Friday, September 25, 2015
A Brief Opinion Of An Observed War
For considerable time I have promised myself to do this, being held back and intimidated by a strong concern that I could not express it with the solemnity it deserves.
I was almost half a year from being six years old when our country entered the last real war. Ten years later, when that war was behind us, I was living in Hawaii during the "police action" to which my veteran father had been recalled. A classmate mentioned, "I remember Pearl Harbor"...and I know that he really did.
But I digress after a fashion. I really meant to say a few words about the last war in which we were the winners.
When the time after December 7, 1941 could still be measured in days and weeks, Uncle Charlie and family stopped by our duplex apartment in Bay City on the way home from spending Christmas in Mexico. For a couple of days, young Charlie and I played on our front porch while a USO building was already being built directly across the street. Wouldn't you guess it, we played WAR, with some brand new really neat toys that Charlie had gotten for Christmas. He had a bomber that represented a machine larger than any real airplane at the time, and it carried a military tank beneath each wing, a technology that has not been done even yet. We were encouraged to use our imaginations at play.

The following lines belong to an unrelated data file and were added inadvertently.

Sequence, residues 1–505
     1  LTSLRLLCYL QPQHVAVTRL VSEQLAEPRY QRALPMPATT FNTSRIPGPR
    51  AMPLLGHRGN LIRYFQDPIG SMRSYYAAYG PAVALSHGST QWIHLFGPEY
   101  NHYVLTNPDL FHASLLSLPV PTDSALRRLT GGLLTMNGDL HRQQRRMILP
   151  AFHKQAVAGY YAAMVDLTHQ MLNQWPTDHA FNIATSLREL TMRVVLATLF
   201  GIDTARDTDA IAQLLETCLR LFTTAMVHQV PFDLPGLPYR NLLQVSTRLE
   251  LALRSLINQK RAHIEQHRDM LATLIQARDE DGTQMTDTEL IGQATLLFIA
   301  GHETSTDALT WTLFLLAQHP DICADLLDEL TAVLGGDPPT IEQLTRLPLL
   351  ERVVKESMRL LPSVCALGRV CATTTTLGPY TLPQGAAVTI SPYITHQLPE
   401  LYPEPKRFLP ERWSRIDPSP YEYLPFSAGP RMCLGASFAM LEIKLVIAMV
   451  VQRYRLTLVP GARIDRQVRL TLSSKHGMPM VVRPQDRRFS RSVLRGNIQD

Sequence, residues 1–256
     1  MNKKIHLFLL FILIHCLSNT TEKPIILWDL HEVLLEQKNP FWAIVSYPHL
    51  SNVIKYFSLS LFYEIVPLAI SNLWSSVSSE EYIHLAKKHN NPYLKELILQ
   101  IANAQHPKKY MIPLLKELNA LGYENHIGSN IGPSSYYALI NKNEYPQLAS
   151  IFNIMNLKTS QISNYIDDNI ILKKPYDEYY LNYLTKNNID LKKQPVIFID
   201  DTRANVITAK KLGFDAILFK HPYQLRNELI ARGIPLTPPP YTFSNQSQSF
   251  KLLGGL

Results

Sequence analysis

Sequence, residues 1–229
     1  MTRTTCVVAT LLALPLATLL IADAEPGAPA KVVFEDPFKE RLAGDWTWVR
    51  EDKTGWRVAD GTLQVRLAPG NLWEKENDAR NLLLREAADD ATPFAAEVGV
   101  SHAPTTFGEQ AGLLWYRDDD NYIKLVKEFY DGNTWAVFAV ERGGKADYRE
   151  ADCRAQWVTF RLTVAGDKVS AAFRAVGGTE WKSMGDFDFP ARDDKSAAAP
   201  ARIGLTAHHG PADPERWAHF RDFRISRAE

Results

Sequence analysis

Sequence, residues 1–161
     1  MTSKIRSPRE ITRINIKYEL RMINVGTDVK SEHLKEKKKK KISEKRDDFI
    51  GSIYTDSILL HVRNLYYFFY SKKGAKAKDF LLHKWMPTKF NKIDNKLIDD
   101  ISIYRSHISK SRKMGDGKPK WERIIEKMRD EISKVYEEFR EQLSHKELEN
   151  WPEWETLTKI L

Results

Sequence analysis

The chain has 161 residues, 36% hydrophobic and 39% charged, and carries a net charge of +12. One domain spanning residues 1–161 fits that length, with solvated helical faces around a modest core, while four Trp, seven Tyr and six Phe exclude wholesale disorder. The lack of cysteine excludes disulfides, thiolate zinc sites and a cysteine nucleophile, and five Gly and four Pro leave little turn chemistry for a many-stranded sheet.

That building was deeded to the city after the war, and still, after nearly three quarters of a century, serves Bay City under the name Service Center, although many of my generation still call it "The USO".
We had a German war prisoner internment camp in our little town, and we could drive past any time and see the prisoners playing sports games in the yard. I did not know any of the prisoners personally, but I heard from the old folks that many of them had expressed a desire to come back to the US after the war as immigrants. They liked our country and the treatment they received in their "prison". (For any who are obsessed with those well known negative aspects of this war, discussion is welcomed, but the primary function of this observation is to show a difference between the last real war and the later "wars" of opportunity.)